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  • asudavew
    replied
    Re: Steel Dome Oven

    I'm really enjoying this thread.
    Great design.
    I have to agree with George about the cladding.

    thanks for posting

    Dave

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  • Wiley
    replied
    Re: Steel Dome Oven

    Well, I did the modification to remove the excess chimney pipe support and reassembled the unit. I also extended the chimney to 4ft. It rained last night and all this morning and so the ground was soaking.

    I decided to build a second bigger fire, not a super raging fire as without the heat sink of the 3-4 inches of basalt concrete I could easily reach 1000+ F in a single spot and perhaps cause myself some unwanted problems. As it was with this little fire I got the top of the dome to 625F within about 15 minutes. The smoke problem seems to be resolved. Here's a photo taken with the fire going.

    Wiley

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  • Wiley
    replied
    Re: Steel Dome Oven

    Thanks everyone for your imput.

    dmun: we added an extra short (36") piece later during the trial and did not detect any difference. We were still getting a slight amount of smoke out the front. Of course things had warmed up a bit so it wasn't a proper test although it was still only a small fire. I would like to have an igloo rather than a gable framed FWO and so keeping the chimney as short as practical is desireable, supporting 6 ft of chimney presents its own problems.

    Thanks Bruce I looked into the flow rate calculator unfortunately there are so many variables such as chimney throat shape that for me experimenting seemed the easiest answer.

    One thing that crossed my mind during our morning walk. (we do 2 1/2 miles every morning sun, rain, snow, whatever the weather). When I constructed the ring that holds the chimney in place on the top of the transition piece I deliberately left about a 3/16" supporting lip all around the inside. That 3/16" x 18 3/4+ inches circumference actually reduces my X-sectional flue area by about 3 1/2 square inches. The 6" chimney X-section is nominally 28.27 sq inches, that support is reducing that to less than 25 inches. I should reduce the support ring to three small protusions and so recover a majority the lost area. It's an easy enough thing to modify. If I get 3 sq inches back I'll be increasing my present flue X-section by about 12%.

    Here's a photo of the lip. Thoughts? Anyone see something I'm missing?

    Thanks everyone, Wiley

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  • brokencookie
    replied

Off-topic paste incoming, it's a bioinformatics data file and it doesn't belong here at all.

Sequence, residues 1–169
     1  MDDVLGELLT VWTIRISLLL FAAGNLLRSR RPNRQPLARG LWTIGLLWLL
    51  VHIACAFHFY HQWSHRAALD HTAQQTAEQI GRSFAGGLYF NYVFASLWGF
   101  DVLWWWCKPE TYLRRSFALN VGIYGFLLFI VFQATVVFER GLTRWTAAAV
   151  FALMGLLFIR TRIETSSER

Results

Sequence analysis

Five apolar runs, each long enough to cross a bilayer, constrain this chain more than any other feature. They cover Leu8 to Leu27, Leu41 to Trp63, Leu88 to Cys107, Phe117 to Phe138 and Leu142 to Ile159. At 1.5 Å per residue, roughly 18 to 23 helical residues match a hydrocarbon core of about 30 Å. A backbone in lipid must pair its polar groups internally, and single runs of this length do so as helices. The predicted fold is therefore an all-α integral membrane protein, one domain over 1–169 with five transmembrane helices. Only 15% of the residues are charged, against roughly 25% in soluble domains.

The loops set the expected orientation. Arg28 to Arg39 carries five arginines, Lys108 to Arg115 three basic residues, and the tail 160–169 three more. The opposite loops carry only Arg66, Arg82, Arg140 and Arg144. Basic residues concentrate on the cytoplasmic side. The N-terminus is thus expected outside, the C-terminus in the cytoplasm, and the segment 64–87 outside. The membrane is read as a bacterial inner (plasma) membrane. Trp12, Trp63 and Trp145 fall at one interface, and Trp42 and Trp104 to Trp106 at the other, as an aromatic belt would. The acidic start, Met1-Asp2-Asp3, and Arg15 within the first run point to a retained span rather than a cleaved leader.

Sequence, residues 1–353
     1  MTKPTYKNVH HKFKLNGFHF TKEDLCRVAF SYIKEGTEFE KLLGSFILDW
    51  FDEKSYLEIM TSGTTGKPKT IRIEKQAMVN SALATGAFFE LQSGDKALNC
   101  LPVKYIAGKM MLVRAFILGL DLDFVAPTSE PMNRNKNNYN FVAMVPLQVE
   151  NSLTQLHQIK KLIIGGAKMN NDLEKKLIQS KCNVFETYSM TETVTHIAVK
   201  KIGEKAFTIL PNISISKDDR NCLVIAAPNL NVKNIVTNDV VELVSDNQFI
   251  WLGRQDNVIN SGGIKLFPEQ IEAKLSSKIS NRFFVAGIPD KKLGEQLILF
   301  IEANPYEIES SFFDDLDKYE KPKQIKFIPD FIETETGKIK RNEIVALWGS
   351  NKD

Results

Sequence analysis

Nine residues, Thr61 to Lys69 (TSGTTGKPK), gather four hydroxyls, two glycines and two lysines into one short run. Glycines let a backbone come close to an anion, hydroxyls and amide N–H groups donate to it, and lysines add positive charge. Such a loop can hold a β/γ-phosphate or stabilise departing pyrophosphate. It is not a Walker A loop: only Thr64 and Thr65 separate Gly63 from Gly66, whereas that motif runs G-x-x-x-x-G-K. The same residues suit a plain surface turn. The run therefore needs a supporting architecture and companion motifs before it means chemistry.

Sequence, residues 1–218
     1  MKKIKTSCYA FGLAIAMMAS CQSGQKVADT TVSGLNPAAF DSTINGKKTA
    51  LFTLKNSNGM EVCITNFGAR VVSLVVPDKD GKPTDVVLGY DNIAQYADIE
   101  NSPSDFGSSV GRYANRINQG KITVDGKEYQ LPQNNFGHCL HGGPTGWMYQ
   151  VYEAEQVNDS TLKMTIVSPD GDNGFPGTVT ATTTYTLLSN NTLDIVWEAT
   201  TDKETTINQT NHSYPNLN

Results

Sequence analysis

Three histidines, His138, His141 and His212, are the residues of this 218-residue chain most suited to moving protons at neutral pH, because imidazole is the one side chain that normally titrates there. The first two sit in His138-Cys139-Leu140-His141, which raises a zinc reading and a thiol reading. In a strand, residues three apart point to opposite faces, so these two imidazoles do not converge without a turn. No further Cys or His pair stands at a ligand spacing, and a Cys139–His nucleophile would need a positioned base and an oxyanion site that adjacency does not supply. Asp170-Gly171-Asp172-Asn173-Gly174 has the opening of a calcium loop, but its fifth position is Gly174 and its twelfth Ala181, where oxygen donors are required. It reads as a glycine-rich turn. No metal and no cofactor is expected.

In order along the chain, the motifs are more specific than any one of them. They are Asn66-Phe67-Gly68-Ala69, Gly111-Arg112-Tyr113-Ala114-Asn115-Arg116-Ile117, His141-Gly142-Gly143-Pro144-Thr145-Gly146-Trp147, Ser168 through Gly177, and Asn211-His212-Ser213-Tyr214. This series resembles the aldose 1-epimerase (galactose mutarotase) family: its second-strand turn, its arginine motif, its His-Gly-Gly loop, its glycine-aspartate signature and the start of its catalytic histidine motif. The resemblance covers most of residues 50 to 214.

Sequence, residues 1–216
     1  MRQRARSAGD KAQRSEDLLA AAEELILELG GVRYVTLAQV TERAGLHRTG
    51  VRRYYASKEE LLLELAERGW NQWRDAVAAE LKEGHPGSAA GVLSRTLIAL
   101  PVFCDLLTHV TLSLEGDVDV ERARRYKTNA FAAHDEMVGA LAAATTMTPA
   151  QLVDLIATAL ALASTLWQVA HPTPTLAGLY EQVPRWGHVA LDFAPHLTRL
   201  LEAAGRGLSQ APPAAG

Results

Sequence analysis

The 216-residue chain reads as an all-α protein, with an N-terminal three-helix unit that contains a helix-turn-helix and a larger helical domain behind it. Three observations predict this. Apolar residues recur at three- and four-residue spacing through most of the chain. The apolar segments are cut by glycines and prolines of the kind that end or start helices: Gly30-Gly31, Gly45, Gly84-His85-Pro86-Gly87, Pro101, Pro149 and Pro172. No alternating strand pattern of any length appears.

Re: Steel Dome Oven

    Your smoke will always go from hot to cold. The larger the difference in temperature the better the draw. Somebody posted a spreadsheet that calculates chimney draw on the forum that you can use to check this. So.. Once you insulate, your oven will run hotter, creating a larger difference between the oven chamber and the outside air. Additional chimney height can also help.

    Bruce

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  • dmun
    replied
    Re: Steel Dome Oven

    I think another length of the chimney pipe would be more useful than a re-designed transition. Remember; this is all outdoors, where drafts push smoke around, and you don't have the temperature difference between outside and inside that drives fireplace draft. A whiff of smoke on startup is normal, but smoke pouring out once the fire is going strongly is not.

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  • Frances
    replied
    Re: Steel Dome Oven

    I think a bit of smoke, specially while the fire is starting up, can be considered normal.... well, I know my oven spills quite a lot of smoke to begin with. Less would be better...

    Your idea of building a larger fire sounds like a good way to go. Then you can decide whether you can live with the amount of smoke or not.

    As long as the smoke stops pouring out of the front once the fire gets going properly you should be fine.

    Leave a comment:


  • Wiley
    replied
    Re: Steel Dome Oven

    Thank you for the kind words, George. Yes, the plan is to cover the dome with aluminum foil and then 3-4" of basalt concrete (basalt 1/4 minus mixed with calcium aluminate cement) scored deeply so the expansion cracks will be somewhat controlled. The a Frax blanket and vermicrete and stucco.
    I'm a bit concerned about the small amount of smoke I'm getting out the front. Is a small amount normal? I mean I see photos of ovens with significant soot staining and don't know how my loss thru the front compares (due to small test fire) a real fire. Any thoughts? Maybe I'll try a much larger fire tomorrow.
    Thanks,
    Wiley
    Oh, and here's a picture of me :-)

    Leave a comment:


  • gjbingham
    replied
    Re: Steel Dome Oven

    Wiley,